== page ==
Singing in Spanish not only helps him connect with his own heritage but also the people of Chile that are still in his heart two years after his mission there. He now lives in Nashville but he goes salsa dancing every Tuesday9 because of his love for Latino music and culture.
Archuleta is currently working on a full-length album he hopes to release early next year.10 Following this English-language release he wants to do an entire album of Spanish-language songs.11
The 2017 album will include his new single, “Numb,” which he actually performed at Tuacahn last year. He has already shot the video for the single.12
Although the new album is a long time coming, Archuleta admits it takes him a long time to do a lot of things — even ordering food at a restaurant. In fact, he compares himself to Professor Calamitous, the evil scientist from the “Jimmy Neutron” franchise whose plans are always foiled because he’s never able to finish any of his projects.13
The difference is that Archuleta does eventually finish his projects. Part of the delay for the album is because each song in an original.14 Each track started with an idea from his head.15 Some he wrote on his own while he worked with co-writers on others.
“I just want them to be me,” he says. “I want them to say the things I want to say.”
So far he has 16 songs. Although he’s not sure they will all make it onto the album, he does want to make them available in some way.16
However they are released, it’s a good bet they will be hungrily received by his devoted fans — many of whom are young women and girls. They are easily the most vocal fans during his concerts, often screaming out “I love you!” in the midst of his performances.
Archuleta says he is appreciative of the support his fans give him but he’s not always sure how to respond to declarations of love. He doesn’t want to hurt anyone’s feelings but he doesn’t feel like it would be honest to respond back with an empty “I love you too” to a stranger in the crowd.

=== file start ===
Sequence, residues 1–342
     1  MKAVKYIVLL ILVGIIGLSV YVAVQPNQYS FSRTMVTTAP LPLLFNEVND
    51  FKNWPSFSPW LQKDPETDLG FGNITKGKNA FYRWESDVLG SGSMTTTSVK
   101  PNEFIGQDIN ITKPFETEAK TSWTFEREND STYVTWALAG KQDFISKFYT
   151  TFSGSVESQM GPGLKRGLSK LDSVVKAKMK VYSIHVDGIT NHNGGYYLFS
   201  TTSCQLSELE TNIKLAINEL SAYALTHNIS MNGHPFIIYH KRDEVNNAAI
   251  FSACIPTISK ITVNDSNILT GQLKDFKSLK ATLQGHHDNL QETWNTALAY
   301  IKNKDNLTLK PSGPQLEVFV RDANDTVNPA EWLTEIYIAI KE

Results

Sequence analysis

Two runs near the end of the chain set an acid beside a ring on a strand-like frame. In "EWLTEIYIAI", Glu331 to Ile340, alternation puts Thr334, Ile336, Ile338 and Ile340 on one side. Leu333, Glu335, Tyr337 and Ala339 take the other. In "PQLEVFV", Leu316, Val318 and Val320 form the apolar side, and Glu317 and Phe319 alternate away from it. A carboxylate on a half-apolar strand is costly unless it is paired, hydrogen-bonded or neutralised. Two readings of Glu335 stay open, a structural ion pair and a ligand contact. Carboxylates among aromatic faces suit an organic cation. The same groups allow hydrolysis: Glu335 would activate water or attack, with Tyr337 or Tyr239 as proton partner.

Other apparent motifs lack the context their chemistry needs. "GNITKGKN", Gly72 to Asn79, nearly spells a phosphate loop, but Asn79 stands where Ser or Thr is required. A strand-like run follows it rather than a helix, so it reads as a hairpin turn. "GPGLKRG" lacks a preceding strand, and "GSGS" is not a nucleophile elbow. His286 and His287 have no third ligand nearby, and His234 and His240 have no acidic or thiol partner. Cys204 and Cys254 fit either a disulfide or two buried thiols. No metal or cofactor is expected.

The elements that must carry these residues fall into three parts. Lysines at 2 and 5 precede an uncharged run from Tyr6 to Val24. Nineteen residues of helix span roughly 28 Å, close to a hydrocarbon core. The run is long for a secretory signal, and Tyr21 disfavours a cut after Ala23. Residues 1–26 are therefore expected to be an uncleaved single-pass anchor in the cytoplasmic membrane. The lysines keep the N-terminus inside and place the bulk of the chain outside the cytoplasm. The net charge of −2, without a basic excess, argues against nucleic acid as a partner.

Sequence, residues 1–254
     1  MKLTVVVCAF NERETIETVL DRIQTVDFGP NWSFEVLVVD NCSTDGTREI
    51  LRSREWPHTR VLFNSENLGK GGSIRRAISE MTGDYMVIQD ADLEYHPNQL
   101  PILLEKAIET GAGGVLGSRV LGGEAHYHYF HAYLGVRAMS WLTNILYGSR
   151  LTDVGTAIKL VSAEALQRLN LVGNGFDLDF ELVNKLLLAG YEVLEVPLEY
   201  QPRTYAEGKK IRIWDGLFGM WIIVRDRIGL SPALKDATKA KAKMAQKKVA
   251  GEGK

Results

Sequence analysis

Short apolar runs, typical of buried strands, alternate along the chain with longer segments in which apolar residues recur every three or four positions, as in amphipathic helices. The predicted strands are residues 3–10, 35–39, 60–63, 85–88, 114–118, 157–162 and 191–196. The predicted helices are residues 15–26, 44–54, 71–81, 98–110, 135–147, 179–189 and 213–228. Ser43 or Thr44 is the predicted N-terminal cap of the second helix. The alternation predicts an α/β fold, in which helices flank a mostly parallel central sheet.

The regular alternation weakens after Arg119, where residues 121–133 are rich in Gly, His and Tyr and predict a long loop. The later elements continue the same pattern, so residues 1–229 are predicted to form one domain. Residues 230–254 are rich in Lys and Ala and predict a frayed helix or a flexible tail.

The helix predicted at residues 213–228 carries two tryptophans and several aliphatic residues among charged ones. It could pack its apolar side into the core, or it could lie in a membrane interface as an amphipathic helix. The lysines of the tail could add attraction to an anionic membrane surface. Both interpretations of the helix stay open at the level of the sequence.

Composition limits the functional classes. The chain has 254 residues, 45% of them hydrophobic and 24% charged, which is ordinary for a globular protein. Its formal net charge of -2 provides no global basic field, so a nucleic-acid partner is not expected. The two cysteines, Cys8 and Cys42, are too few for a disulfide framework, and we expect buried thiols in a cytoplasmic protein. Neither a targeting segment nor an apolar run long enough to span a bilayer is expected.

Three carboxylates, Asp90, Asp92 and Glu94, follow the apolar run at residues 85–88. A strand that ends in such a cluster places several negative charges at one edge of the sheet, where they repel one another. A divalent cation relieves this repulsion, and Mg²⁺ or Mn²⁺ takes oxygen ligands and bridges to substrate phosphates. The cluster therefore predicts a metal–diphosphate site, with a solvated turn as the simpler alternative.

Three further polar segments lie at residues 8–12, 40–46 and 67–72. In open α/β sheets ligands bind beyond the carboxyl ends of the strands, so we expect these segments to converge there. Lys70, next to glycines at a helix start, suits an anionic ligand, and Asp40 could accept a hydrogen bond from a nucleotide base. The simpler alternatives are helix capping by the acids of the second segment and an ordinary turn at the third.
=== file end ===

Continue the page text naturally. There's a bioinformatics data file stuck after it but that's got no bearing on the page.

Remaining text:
“I like to be honest,” he says. “I feel like if I’m real with people I’ll get that in return. I’ve just learned to say, ‘Thank you.’”17
- Drats, he edited out the end of that quote, which surely said, “especially those crazy Canucks, who found it quite balmy.”
- I knew it! I think I said those exact words to someone, “I bet it feels therapeutic.” Or did I just dream that?
- This would make me so sad if I hadn’t just seen Adele in concert and she basically said the same thing. She was about as chatty as David (bless both their rambling hearts) and said she was talking in between songs to feel like she was really connecting with us. *sniff*
- Constantly trying to be cool? Did I miss something? Does he have arm sleeve tattoos we don’t know about? Navel piercings??
- Who on earth told him he had to change his walk?? I want names. I will hunt them down. Down. Down.
- He lost “characteristics”?? Did he need to relearn his hunkerdown? What?
- Flat out bawling like a small infant right now. “YOU GO, DAVID!!!!”
- This third-person business will never not intrigue TOfan.
- Salsa dancing. Every Tuesday. Just going to leave that there.
- Early. Next. Year. Tears again. For an entirely different reason. The torture is real.
- Entire Spanish album??? Si. Bueno. Feliz Navidad. Muchas gracias. That’s it for my Spanish but I will have that baby on repeat faster than you can say David Enchilada.
- Singles come out in advance of the album, right? So maybe Numb’s our Christmas present? Our Hanukkah gift? Groundhog Day surprise? Basically, I’ll believe it when I see it, lol.
Why do I think that’s exactly how he pictures himself though. Oh, David.
12. “make them available IN SOME WAY” … PRAISE BE!!!!!!!!!!!!!!!!!
And if “some way” means singing them a cappella in someone’s living room:
13. No, thank YOU, David. Thank YOU!!!
14. Love this.
15. Love this even more. I picture that mind of his looking something like this:
So what do you guys think????
boi is on a ROLL!